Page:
This Sopris Homes net-zero new-build used CertainTeed’s integrated Apollo PV tiles for its solar needs

Apollo Tile II - Nelson Home (15)
Boulder, Colorado-based Sopris Homes has been in the business of high-performance luxury homes for the past 25 years. According to Sopris Homes President John Stevens, as more communities desire and even require solar on new home construction, finding solar products that are both functional and attractive is a growing challenge for builders.

“In some areas, we’re mandated to use solar,” said Stevens. “In other areas, it’s a choice. Most people don’t voluntarily pay for solar on new home construction because for most, it’s not considered an aesthetic improvement.”

When Stevens was contracted to build a 5150 square-foot, five-bedroom net-zero home in the Portico Subdivision near Longmont, Colo., solar roofing was a very necessary part of the equation. Looking for a solution to complement concrete tile roof more subtle than the traditional rack-and-panel solar system, Stevens turned to CertainTeed’s Apollo® Tile II concrete-tile integrated solar roofing system—a first for the state of Colorado.

“I’m not aware of anything like it on the market here,” said Stevens referring to concrete-tile integrated solar systems. “You get the savings of solar energy generation and you don’t have to sacrifice aesthetic quality to get it.”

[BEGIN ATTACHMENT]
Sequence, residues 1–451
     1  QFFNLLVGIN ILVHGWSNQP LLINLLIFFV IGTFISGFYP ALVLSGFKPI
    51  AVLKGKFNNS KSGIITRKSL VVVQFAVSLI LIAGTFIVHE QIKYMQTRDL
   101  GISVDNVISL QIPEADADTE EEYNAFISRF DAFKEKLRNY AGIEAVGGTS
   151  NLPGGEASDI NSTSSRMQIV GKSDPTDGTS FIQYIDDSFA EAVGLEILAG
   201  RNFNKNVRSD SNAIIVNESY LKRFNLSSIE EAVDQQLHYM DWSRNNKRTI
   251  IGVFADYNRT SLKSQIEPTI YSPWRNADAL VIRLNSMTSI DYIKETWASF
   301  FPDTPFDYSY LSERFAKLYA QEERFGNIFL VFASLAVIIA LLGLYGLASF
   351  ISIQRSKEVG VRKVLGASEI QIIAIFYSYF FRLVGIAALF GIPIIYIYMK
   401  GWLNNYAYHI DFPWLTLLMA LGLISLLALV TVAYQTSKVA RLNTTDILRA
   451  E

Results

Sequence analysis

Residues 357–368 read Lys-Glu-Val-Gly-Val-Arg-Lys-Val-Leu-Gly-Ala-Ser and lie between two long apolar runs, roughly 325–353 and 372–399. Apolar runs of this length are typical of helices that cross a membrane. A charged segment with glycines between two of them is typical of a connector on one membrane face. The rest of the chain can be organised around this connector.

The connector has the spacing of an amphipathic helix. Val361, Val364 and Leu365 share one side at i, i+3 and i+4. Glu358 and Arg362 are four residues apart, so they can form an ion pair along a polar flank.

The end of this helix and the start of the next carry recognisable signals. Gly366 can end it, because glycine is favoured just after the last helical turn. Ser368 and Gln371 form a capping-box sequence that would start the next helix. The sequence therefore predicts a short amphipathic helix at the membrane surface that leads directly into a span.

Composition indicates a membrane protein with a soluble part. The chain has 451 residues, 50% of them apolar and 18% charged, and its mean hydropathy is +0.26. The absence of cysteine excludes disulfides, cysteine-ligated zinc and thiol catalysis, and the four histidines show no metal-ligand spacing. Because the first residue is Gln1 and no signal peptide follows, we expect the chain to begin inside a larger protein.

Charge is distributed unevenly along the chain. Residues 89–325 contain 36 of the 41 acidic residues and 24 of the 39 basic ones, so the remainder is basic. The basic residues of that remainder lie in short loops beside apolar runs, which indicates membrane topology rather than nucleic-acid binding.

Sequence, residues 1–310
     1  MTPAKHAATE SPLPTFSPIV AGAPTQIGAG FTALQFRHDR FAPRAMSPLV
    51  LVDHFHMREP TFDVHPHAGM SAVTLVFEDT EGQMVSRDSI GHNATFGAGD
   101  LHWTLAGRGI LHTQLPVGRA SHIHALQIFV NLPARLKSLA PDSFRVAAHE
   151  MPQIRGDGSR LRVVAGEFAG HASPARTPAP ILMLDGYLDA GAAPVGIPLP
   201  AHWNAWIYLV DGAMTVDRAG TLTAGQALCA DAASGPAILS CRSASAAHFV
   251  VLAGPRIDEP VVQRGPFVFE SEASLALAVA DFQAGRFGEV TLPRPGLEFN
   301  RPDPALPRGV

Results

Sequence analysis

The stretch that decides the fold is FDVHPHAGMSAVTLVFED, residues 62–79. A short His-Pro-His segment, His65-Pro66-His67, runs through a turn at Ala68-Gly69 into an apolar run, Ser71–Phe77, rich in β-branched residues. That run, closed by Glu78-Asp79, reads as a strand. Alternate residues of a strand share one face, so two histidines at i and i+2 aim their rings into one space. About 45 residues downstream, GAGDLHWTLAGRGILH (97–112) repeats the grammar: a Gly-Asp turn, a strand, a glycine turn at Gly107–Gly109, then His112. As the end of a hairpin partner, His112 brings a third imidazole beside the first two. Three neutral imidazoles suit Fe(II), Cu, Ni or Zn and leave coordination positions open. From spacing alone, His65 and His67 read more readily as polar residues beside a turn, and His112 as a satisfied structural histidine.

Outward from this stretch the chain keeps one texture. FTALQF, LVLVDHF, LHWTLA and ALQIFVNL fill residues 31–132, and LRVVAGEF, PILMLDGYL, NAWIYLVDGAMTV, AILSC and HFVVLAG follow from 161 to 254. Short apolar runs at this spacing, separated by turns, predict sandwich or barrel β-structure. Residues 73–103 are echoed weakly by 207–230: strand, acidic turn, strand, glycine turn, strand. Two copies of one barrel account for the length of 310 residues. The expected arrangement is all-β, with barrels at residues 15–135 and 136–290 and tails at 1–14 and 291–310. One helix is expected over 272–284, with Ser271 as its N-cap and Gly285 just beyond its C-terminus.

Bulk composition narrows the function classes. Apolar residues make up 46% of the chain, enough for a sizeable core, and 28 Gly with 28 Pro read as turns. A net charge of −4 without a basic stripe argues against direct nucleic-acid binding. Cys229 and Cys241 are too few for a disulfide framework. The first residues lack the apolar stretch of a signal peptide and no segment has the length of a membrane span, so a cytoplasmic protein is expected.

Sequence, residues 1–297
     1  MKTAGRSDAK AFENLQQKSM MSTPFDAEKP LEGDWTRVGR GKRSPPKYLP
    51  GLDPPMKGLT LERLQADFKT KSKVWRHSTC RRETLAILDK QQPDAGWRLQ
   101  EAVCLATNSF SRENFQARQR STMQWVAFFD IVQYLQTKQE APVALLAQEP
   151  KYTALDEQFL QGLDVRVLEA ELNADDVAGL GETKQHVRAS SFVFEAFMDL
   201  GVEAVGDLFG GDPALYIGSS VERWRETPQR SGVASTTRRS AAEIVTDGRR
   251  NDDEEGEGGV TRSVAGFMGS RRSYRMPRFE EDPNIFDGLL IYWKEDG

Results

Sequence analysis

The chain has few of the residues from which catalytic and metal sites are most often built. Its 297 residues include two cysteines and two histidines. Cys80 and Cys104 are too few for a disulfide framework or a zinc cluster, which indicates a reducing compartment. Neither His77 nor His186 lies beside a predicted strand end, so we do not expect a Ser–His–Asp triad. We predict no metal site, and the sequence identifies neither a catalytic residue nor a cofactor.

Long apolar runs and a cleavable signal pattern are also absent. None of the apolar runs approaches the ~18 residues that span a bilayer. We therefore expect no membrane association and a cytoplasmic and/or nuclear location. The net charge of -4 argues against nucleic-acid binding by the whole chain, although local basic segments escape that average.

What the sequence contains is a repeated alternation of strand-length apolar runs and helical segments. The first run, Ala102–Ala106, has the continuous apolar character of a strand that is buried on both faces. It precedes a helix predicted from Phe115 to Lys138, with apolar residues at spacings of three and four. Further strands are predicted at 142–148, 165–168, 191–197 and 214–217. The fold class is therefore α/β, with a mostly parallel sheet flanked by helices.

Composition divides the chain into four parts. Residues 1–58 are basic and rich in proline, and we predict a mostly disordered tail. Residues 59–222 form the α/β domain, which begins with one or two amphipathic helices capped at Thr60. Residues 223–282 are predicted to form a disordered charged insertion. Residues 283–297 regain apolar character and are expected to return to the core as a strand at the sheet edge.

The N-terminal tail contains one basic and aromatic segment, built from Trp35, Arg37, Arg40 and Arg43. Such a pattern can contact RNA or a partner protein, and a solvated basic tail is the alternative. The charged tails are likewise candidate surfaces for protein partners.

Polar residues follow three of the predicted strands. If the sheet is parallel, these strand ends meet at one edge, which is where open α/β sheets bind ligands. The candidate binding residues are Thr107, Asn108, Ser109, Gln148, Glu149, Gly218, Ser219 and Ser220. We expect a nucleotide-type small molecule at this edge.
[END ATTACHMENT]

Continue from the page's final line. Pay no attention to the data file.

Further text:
Unlike a traditional rack-mounted system, Stevens used solar tiles integrated among concrete roofing tiles, creating a seamless roof surface that also serves as a tool for energy generation. According to Stevens, the roof incorporated 229 solar tiles, each with power rating of 63 watts of per tile.

Apollo Tile II - Nelson Home (11)

Along with energy-saving mechanical systems and insulation techniques, concrete-tile integrated solar helped the Portico Subdivision home win a Colorado Solar Energy Industries Association (COSEIA) residential installation award. With on-site solar generation, the home achieves a Home Energy Rating System (HERS) Index score of -5. According to the Department of Energy (DOE), the home’s estimated annual energy cost is -$392—meaning the home generates more energy than it uses.

Like any newer product, there is an installation learning curve. Stevens said installing concrete-tile integrated solar was “a new experience for everyone,” but that CertainTeed’s team of local installers and trainers worked closely with Sopris Homes to make sure the installation was a success.

“The solar installer hadn’t used the product before,” said Stevens. “CertainTeed worked hard to make sure the installation was smooth and was there to answer questions. It was a great learning experience for everyone.”

Stevens said there is a lot going on under and on the roof of the Portico Subdivision home. To the average passerby, however, it looks like any other similarly-priced home in the neighborhood, he said.

“The homeowner has gotten a lot of nice comments about the roof,” said Stevens. “From a distance, it looks just like a regular concrete tile roof. People are surprised to learn that it is generating energy.”

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  • July 29, 2019 18:37:57

    Since we’ve always been told that solar panels need to be off the roof to vent, and especially here in Arizona, would these still be as effective in our desert climate? I’ve always been told that solar production drops once temperatures reach 100+.